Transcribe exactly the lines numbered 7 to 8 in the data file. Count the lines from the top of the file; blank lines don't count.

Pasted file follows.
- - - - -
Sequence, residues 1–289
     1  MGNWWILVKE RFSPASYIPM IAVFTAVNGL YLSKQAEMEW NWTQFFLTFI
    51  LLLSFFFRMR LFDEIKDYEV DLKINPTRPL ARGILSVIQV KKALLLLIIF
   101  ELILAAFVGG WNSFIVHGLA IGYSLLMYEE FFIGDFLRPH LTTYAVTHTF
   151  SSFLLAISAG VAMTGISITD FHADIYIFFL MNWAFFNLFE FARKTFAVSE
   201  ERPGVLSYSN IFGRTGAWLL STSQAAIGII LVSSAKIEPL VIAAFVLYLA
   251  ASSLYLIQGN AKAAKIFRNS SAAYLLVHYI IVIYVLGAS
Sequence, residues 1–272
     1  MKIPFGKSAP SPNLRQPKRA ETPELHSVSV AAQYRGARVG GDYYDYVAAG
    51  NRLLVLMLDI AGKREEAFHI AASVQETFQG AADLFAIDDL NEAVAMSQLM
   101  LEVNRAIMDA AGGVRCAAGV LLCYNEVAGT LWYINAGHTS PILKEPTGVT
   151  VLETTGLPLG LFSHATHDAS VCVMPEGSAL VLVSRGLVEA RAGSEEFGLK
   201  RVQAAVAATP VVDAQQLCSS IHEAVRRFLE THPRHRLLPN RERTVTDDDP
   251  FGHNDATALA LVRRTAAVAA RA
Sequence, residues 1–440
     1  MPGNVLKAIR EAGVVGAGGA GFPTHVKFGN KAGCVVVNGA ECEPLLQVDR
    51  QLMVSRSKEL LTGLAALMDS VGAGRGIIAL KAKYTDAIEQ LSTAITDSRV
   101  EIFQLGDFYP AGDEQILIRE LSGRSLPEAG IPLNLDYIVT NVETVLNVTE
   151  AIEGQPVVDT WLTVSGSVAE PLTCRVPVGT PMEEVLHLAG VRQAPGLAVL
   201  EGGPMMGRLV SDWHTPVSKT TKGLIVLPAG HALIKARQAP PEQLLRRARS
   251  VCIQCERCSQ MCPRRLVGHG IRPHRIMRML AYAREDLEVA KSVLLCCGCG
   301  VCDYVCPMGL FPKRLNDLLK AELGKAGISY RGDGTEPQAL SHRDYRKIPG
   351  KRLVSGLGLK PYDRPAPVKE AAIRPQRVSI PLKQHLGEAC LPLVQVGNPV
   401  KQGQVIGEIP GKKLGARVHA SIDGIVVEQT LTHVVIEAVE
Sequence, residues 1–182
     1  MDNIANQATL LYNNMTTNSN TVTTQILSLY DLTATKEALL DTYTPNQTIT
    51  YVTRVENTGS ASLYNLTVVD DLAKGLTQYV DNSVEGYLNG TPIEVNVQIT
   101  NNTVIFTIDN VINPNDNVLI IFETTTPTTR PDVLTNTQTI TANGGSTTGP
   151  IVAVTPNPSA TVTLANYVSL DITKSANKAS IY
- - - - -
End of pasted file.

   251  ASSLYLIQGN AKAAKIFRNS SAAYLLVHYI IVIYVLGAS
Sequence, residues 1–272